“I came here because I knew I needed to be changed. I wanted to stop being that foolish person that kept letting the same person destroy me time and time again. I’ve never let anyone treat me like my father has. Why did I always go back for more? What was I looking for? That was the question.”
Answers like those don’t come overnight. Transformation takes time – it takes wrestling with uncomfortable feelings, confronting your past and uncovering who you really are in the light of a holy and merciful God. You gave Clarissa the time and the space to do just that.
“I’ve been to a lot of programs – some a week, others six weeks – but this program here truly gives you something to work with. It’s individualized. But I had to get honest. Uncomfortably honest,” she remembers.
“No one had ever asked me why I act like I do, why I say what I say, why I feel like I feel,” she continued. “People don’t like people who tell the truth. Then they told me to stop trying to be like someone else, and just be who God created me to be.”
It was through that process that Clarissa discovered her answer.
“I thought I had left daddy and all that behind me in Memphis, but no. I was still craving his approval because I admire him so much. Ever since I was little, I wanted to be like him. Realizing that started opening my eyes.”
Discovering the truth meant that, for the first time in three decades, Clarissa could move past it. She was free. With her life no longer tied to her father’s approval, Clarissa started rebuilding.
She began working on her anger, learning techniques to take back control when things got hot. She learned how to diffuse confrontations, how to set boundaries, respect the boundaries of others, and more. Slowly but surely, Clarissa found the change she was looking for.
In July, she graduated from our women’s recovery program – and God put her transformation to the test.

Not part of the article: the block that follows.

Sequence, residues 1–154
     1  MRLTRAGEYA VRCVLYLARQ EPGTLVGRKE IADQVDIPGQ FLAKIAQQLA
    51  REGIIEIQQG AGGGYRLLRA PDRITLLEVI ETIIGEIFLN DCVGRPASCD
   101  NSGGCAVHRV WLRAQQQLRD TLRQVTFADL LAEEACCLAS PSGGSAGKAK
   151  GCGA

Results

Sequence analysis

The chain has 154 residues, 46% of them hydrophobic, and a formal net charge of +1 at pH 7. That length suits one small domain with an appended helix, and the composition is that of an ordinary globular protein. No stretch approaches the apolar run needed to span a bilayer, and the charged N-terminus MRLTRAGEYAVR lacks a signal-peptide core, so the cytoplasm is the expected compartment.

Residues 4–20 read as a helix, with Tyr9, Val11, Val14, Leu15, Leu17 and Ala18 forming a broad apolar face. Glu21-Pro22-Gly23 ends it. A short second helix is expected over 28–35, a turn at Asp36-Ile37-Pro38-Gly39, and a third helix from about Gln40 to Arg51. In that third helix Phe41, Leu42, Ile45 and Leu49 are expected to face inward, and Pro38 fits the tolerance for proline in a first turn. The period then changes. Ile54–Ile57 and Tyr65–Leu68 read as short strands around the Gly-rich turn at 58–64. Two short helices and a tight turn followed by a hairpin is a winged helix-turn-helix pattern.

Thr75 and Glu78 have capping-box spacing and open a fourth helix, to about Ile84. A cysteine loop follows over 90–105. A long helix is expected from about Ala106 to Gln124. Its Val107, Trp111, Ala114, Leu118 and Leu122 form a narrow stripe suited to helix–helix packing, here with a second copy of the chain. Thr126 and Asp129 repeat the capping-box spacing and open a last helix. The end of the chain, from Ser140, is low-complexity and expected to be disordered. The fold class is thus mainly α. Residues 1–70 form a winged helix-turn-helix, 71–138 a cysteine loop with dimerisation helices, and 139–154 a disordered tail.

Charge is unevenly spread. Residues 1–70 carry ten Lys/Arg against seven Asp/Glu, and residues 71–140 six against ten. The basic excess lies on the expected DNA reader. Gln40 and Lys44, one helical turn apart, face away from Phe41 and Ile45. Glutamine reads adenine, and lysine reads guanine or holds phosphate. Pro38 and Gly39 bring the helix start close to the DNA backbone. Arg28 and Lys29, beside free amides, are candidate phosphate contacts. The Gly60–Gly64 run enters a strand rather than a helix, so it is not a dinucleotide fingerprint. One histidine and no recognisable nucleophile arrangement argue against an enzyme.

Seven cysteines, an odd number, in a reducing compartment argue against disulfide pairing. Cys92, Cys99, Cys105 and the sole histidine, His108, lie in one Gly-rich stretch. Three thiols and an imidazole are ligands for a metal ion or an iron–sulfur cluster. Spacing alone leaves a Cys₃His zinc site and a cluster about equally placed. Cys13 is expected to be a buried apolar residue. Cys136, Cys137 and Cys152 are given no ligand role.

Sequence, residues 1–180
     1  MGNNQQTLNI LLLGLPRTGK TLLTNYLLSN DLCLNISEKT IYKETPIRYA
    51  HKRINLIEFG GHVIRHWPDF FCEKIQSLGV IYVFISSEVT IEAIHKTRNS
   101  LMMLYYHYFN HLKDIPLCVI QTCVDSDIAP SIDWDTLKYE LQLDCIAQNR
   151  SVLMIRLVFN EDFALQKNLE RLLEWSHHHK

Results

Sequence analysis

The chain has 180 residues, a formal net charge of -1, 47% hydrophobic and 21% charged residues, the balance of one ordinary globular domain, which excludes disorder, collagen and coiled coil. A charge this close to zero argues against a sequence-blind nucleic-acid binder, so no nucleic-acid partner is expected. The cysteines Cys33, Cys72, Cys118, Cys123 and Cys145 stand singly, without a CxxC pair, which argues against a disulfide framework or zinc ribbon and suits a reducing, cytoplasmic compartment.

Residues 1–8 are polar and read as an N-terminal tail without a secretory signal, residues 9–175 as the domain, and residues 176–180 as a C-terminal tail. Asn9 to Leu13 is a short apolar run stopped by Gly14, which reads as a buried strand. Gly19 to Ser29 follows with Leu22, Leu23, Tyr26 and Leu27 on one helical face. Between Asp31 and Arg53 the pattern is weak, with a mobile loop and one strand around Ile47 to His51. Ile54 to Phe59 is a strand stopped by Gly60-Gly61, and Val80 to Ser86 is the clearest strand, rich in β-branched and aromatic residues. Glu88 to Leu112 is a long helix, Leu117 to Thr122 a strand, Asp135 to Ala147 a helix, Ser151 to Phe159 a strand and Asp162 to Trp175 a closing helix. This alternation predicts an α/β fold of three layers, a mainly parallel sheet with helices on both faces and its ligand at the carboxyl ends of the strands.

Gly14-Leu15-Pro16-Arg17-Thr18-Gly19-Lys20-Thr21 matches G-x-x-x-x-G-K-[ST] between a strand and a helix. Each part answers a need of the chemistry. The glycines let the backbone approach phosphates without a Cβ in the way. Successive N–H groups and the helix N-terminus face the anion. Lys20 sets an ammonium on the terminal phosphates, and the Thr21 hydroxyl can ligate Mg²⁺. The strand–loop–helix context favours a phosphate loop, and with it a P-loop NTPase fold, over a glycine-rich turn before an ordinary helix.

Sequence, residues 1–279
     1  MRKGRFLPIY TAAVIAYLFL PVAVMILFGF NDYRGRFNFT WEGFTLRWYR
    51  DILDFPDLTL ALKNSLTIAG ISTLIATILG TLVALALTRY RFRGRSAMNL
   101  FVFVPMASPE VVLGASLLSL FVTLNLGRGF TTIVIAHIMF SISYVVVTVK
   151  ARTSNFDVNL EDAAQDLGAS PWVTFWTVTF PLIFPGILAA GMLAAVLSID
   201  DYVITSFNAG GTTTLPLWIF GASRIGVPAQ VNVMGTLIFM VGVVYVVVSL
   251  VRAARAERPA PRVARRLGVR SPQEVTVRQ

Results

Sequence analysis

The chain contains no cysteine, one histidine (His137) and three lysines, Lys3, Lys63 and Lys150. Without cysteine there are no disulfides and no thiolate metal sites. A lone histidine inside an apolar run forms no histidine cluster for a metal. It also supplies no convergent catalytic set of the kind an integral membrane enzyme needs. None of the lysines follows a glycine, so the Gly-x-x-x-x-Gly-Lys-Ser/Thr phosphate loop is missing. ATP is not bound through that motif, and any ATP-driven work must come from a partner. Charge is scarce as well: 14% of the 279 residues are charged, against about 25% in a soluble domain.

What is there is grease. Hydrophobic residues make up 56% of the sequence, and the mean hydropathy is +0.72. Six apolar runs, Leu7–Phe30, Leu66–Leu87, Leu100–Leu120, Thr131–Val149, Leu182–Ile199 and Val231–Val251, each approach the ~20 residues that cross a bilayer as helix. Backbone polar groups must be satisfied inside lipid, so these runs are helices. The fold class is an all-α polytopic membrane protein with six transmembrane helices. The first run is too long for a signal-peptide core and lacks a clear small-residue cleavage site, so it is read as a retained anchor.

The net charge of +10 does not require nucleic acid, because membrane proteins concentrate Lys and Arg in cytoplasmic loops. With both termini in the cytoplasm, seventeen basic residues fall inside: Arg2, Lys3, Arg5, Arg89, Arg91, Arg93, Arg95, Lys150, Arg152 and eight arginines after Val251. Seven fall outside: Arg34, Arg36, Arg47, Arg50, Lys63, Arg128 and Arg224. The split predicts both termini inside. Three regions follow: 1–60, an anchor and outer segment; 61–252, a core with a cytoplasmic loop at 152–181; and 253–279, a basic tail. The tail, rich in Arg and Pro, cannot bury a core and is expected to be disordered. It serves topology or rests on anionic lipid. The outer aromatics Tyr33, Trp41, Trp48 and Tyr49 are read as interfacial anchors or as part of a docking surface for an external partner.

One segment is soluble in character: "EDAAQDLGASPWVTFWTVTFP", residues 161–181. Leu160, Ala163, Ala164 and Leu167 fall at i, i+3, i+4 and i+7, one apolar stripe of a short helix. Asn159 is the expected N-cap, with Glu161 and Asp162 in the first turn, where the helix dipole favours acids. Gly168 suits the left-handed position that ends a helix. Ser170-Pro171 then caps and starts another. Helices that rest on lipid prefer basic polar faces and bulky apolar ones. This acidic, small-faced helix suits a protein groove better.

“A few days after I graduated, my daddy started calling me. He said he was dying and wanted me to come out there and get him. I agreed. I brought him back to Phoenix and he got better. Then, not a month later, I came home and found him packing. He told me he was leaving to live with his niece.”
“This time, I didn’t lose control. I had the tools. I helped pack him up as fast as I could and told him not to come back. Not because he wasn’t welcome in my house, but because he wasn’t welcome to mess up my peace. Never again.”
With that chapter of her life finally behind her, Clarissa began a new one – helping others receive the gift of freedom – just like you gave her.
“I got my Peer Support Certification here and I’m working towards becoming a Substance Abuse Counselor. I want to help others so that they don’t have to go through what I had to go through.”
Clarissa’s story is another link in a chain of love and mercy that stretches back 2,000 years – to a baby in a manger – and continues on through your generosity and support this Christmas season. Thank you for extending the love of Christ to the men and women we serve.
This place here, I’d recommend it to anybody who wants to change. It ain’t gonna be easy. You’re going to have to fight for it. But if you stick with it, you’ll change.”